Division of Labor Economics 2

Division of Labor Economics 2 - Marriage, Work, and...

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Marriage, Work, and Economics
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2001 median income husband sole provider $50,926 dual-earner families $73,407 wife sole provider $39,560 2002 – majority of women in low-paying, low status jobs Dual-earner versus dual-career dual earners mentally healthier than full-time housewives
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Family work – the work that is performed in the home without pay (e.g. housekeeping, household maintenance, caring for children, etc.). Paid work – the work that is done for salary or wages. Families as an economic unit
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Why study household labor? Lots of time is spent on it. Potential benefits - For example - Tied to women’s marital satisfaction and lower depression. Rapid increase in women’s labor force participation Issue of Power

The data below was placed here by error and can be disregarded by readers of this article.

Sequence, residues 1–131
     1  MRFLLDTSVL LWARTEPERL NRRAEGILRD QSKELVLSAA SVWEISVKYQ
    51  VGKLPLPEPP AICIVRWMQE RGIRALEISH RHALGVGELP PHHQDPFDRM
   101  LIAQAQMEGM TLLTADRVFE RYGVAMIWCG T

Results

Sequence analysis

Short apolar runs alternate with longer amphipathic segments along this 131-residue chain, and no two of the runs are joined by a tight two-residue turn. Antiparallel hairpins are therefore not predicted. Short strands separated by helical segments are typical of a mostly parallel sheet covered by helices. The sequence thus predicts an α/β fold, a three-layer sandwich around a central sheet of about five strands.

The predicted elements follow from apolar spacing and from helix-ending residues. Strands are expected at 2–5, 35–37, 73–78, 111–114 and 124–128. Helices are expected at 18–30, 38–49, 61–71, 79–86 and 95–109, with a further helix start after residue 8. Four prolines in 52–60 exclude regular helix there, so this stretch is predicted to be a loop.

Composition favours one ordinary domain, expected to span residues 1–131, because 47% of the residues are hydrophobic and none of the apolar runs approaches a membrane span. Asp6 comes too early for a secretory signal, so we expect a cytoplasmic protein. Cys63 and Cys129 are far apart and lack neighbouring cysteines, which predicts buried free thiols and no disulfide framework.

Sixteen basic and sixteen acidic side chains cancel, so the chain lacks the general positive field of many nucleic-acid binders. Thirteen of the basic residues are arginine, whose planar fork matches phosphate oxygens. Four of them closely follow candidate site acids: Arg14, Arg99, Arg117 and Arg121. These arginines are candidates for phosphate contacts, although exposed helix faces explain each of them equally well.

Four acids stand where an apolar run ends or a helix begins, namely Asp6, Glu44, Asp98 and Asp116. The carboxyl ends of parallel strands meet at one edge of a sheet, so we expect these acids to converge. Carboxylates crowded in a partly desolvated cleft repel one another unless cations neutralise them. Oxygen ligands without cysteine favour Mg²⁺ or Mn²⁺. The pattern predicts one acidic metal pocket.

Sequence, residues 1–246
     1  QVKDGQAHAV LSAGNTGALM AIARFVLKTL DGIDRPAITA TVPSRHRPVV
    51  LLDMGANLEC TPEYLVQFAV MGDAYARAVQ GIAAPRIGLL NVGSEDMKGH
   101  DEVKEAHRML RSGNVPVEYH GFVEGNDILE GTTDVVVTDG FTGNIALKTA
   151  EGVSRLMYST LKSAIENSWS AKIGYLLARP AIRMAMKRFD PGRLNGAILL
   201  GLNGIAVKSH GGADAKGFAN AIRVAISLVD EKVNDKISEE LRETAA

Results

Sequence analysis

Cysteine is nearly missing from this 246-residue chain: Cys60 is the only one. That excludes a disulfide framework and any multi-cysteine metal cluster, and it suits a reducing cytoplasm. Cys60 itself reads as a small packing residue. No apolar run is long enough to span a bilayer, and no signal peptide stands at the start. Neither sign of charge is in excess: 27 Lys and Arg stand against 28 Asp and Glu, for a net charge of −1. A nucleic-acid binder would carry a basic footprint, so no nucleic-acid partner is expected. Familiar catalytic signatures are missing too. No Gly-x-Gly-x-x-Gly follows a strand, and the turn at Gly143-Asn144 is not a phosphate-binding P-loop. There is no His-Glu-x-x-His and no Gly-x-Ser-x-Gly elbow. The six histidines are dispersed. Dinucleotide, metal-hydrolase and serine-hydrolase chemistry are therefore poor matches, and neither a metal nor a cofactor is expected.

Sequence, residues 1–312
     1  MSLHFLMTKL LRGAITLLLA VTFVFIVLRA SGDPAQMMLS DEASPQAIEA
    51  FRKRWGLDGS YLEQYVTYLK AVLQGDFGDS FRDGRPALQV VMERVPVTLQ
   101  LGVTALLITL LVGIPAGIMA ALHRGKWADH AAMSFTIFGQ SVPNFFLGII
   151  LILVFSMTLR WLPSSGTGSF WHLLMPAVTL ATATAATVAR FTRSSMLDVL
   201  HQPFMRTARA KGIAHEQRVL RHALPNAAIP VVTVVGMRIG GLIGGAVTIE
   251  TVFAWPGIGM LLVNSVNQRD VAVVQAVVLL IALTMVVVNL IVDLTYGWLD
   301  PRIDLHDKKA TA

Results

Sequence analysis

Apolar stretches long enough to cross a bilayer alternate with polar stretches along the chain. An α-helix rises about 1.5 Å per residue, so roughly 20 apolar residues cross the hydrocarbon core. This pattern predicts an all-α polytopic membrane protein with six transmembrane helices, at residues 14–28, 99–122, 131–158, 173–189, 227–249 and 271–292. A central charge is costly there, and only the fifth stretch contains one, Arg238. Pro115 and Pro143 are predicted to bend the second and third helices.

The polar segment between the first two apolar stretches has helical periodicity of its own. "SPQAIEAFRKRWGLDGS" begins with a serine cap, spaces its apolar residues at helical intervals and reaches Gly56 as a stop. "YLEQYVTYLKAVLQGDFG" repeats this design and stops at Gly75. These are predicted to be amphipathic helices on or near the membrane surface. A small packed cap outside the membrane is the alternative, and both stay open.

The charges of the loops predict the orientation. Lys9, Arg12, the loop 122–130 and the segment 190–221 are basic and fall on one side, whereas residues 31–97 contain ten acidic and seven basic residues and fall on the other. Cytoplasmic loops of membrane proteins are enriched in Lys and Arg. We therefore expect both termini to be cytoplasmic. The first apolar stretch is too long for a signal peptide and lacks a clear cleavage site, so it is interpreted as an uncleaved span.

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Women in the workforce # of women in the workforce almost doubled Decision to remain in the workforce after children impacts future employment
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Stats In 2002: Married couples with children under 18
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This note was uploaded on 10/19/2009 for the course FSHD 257 taught by Professor Payne during the Spring '09 term at Arizona.

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Division of Labor Economics 2 - Marriage, Work, and...

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